It's time to start changing the game: A 12-week workplace team sport intervention study
journal contributionposted on 04.09.2017, 08:41 by Andrew J. Brinkley, Hilary McDermottHilary McDermott, Rachel Grenfell-Essam, Fehmidah MunirFehmidah Munir
Background A 12-week multi-team sport programme was provided to employees of a large services organisation and conducted in workplaces. This programme was used to investigate the short-term effect of regular sports team participation on individual employee and organisational health. Methods A large services organisation participated in this study. Two regional worksites of office workers were assigned as the team sport (intervention) (n = 28 participants) or control (n = 20 participants) groups. The team sport sessions were underpinned by psychological behaviour change theory and consisted of weekly 1-h team sport sessions for 12 weeks. Measures of aerobic fitness, physical activity behaviour, group cohesion, interaction and communication, psychological wellbeing, health, anthropometrics and workplace experiences were recorded pre- and post-intervention. Data were analysed using a series of mixed ANOVAs. Results After 12 weeks significant improvements were observed in VO2 max (+ 4.5 ± 5.8 ml/min kg, P < .002, η 2 p = .182), interpersonal communication within teams (+ 3%, P < .042, η 2 p = .087) and mean weekly physical activity duration (+ 154.74′, P < .002, η 2 p = .071) in the intervention group. A significant (P < .012, η 2 p = .130) effect on body composition was observed in the intervention group. Conclusions Participation in team sport may be an effective method to improve the aerobic fitness and physical activity behaviour of employees, and promote interpersonal communication between colleagues. Individual health outcomes and social interactions have the capacity to influence the health of the organisation. The extent of which these findings are replicable across a scope of organisations should be examined objectively over the long term.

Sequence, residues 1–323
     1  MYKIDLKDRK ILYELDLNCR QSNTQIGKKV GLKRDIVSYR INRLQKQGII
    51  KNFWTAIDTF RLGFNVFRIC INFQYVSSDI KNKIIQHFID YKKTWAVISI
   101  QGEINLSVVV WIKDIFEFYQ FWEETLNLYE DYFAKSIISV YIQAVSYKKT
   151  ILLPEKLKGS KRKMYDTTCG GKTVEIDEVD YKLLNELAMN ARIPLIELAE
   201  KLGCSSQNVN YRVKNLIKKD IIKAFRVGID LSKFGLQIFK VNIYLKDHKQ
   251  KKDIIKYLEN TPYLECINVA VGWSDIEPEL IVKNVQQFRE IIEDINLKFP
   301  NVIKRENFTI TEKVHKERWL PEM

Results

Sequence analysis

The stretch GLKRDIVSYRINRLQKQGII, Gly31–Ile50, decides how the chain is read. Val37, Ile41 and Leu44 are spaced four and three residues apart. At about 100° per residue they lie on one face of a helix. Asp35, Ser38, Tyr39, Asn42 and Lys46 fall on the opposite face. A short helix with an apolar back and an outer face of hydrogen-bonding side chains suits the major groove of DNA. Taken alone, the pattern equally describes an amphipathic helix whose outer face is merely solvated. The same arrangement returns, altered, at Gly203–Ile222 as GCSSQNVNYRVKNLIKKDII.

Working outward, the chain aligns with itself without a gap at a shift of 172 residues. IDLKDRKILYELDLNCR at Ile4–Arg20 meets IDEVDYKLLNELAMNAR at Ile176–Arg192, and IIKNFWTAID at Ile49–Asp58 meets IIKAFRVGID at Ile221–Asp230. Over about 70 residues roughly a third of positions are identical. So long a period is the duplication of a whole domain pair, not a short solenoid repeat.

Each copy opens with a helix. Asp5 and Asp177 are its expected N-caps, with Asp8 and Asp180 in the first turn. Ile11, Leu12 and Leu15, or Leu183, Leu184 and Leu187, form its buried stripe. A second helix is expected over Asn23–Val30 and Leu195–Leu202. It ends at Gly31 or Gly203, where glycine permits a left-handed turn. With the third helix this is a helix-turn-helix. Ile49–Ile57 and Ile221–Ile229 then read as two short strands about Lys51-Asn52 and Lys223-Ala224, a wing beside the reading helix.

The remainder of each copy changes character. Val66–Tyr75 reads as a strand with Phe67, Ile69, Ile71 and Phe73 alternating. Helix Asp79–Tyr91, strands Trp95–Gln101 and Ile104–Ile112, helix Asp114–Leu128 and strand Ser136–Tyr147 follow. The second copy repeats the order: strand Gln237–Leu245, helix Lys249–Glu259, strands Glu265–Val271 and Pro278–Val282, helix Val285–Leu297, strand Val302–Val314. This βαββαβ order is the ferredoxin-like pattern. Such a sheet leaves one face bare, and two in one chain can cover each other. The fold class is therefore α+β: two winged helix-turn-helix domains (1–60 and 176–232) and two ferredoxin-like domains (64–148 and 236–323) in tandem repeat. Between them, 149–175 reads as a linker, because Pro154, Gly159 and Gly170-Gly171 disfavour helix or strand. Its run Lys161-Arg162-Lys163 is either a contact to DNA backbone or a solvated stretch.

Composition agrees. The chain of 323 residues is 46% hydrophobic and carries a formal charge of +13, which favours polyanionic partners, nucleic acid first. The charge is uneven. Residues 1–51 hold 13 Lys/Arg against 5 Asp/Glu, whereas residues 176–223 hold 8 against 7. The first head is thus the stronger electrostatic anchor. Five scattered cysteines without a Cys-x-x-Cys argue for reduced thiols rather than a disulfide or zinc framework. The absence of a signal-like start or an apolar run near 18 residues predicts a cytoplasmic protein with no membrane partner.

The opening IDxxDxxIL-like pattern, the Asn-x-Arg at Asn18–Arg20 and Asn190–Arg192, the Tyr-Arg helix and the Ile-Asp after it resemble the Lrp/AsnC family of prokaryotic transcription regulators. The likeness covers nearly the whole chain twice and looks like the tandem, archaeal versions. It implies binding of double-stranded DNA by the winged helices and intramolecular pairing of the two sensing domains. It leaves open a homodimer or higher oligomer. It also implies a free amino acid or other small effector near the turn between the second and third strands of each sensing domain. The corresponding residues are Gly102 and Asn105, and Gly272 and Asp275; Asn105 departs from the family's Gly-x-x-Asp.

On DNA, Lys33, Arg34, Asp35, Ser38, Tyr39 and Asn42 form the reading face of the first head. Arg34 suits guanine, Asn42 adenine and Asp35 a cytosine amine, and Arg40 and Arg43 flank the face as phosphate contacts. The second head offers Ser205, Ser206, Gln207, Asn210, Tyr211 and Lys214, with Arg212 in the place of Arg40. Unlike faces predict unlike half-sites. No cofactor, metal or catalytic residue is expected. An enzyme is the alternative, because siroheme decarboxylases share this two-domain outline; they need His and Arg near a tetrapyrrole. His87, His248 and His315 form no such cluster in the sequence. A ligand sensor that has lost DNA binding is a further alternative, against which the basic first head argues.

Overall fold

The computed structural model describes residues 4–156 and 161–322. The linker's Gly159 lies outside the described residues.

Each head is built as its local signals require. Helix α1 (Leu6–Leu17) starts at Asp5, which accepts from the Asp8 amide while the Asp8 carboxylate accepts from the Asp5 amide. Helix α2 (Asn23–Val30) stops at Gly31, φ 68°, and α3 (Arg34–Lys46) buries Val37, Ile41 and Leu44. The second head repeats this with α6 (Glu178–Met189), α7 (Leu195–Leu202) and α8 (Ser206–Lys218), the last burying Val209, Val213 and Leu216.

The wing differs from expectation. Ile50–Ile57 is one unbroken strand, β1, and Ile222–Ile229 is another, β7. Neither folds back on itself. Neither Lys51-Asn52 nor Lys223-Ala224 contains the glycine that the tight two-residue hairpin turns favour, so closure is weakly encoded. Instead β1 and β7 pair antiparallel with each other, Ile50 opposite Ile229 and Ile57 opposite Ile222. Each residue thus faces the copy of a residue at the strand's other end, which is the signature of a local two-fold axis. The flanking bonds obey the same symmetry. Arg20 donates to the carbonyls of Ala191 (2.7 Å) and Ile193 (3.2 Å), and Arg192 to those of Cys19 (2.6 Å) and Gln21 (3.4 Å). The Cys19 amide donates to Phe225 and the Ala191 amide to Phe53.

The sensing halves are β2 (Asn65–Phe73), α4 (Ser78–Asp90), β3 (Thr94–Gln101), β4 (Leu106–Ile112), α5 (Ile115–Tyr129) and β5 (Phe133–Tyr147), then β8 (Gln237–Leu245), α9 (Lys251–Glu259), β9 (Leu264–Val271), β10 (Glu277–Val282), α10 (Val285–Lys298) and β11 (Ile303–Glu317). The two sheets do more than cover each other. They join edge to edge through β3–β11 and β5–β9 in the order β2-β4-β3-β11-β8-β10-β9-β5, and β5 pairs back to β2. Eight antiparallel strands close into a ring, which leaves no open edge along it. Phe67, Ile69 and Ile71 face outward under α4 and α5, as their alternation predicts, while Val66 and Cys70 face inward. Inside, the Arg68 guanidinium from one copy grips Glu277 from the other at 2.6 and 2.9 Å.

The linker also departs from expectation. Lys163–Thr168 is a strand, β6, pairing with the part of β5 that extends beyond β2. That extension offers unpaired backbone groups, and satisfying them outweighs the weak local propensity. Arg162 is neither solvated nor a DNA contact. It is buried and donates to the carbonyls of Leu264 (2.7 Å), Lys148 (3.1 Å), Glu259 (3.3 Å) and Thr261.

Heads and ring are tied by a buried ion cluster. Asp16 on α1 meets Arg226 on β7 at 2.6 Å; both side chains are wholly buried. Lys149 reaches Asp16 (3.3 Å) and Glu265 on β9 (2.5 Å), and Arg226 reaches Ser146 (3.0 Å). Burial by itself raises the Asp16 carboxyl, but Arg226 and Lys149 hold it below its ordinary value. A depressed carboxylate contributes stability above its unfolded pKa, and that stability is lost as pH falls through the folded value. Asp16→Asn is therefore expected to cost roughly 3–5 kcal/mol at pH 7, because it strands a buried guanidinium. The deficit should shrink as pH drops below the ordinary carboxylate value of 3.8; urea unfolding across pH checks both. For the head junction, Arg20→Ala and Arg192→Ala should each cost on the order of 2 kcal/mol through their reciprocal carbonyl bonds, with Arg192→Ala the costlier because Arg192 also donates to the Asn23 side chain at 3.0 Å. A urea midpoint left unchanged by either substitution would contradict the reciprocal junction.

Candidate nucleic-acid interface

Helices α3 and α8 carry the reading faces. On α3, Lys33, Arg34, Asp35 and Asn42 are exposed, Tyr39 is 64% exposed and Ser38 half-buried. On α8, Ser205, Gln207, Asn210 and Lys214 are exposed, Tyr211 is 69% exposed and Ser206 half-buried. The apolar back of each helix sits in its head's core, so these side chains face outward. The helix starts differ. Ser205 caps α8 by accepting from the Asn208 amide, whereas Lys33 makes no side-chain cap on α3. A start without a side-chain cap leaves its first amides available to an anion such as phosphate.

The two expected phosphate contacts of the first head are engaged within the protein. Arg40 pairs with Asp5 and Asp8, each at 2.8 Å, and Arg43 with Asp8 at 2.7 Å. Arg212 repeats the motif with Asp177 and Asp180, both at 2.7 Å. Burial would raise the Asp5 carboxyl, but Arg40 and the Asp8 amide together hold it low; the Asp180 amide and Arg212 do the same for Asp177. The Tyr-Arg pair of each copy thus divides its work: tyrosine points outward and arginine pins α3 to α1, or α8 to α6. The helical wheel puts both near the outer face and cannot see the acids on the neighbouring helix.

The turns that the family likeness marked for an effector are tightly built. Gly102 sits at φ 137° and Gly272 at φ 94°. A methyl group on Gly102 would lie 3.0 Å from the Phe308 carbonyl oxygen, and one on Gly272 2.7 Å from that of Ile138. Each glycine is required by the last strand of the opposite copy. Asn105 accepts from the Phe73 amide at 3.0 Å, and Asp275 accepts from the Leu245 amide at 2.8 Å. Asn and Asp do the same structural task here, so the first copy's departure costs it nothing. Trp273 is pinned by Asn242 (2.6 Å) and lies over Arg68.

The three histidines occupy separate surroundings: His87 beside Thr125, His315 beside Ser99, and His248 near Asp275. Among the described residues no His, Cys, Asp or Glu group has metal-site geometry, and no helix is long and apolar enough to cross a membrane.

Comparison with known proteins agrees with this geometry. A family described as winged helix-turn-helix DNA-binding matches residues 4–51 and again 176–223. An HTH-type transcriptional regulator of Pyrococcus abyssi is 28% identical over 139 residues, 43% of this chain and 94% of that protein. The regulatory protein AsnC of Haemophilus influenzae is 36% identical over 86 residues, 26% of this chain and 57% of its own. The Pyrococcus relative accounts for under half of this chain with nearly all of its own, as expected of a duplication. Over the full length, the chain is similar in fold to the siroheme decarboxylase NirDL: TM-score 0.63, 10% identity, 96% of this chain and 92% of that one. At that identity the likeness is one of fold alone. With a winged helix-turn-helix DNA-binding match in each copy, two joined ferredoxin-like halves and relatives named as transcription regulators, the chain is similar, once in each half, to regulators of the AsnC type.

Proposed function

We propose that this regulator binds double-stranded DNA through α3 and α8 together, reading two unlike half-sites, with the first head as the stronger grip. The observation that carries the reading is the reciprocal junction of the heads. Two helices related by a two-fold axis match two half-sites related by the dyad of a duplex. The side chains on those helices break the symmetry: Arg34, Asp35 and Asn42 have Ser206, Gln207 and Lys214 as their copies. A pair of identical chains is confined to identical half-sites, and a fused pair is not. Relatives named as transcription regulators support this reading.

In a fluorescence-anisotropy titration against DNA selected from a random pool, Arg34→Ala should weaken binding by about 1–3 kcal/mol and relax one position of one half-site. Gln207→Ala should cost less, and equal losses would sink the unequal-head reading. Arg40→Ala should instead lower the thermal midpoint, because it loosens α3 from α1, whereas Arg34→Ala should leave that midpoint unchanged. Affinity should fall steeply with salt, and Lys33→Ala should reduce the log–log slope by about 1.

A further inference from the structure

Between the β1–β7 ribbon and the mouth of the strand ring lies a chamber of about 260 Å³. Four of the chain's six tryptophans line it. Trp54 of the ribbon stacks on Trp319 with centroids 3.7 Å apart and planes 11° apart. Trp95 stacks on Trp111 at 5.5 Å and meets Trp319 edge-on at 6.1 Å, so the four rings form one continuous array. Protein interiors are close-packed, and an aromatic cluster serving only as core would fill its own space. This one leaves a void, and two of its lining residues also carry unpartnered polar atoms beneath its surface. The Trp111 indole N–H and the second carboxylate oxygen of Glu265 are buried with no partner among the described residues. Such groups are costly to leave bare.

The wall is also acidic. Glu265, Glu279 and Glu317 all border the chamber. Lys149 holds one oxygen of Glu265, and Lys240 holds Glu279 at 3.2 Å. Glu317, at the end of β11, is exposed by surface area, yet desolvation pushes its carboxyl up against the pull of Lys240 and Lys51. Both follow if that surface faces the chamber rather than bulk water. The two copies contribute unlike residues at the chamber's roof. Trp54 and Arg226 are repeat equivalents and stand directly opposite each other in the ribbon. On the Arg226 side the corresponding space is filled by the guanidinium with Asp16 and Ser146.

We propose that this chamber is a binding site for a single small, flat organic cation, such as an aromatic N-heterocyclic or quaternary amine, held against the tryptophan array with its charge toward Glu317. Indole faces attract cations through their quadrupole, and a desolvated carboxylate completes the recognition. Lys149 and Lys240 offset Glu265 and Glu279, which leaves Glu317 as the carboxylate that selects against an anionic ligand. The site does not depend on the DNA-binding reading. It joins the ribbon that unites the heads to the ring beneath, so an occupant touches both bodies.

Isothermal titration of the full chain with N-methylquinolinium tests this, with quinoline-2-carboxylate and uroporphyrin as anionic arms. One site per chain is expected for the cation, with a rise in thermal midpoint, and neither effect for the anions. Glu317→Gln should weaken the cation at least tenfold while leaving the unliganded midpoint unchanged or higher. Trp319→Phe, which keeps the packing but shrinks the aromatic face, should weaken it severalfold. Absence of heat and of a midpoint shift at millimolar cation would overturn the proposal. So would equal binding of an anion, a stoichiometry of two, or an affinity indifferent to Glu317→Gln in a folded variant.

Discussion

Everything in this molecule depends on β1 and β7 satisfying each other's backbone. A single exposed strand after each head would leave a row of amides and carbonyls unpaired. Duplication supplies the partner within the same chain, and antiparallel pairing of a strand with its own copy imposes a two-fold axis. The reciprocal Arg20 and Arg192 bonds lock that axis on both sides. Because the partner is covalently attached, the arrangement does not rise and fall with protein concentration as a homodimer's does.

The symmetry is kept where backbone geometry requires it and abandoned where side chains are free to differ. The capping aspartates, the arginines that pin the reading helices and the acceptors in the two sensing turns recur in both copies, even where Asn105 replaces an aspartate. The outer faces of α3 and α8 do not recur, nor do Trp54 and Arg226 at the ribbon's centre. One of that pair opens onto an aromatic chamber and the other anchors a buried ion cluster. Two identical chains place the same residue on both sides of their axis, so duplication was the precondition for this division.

- Sport, Exercise and Health Sciences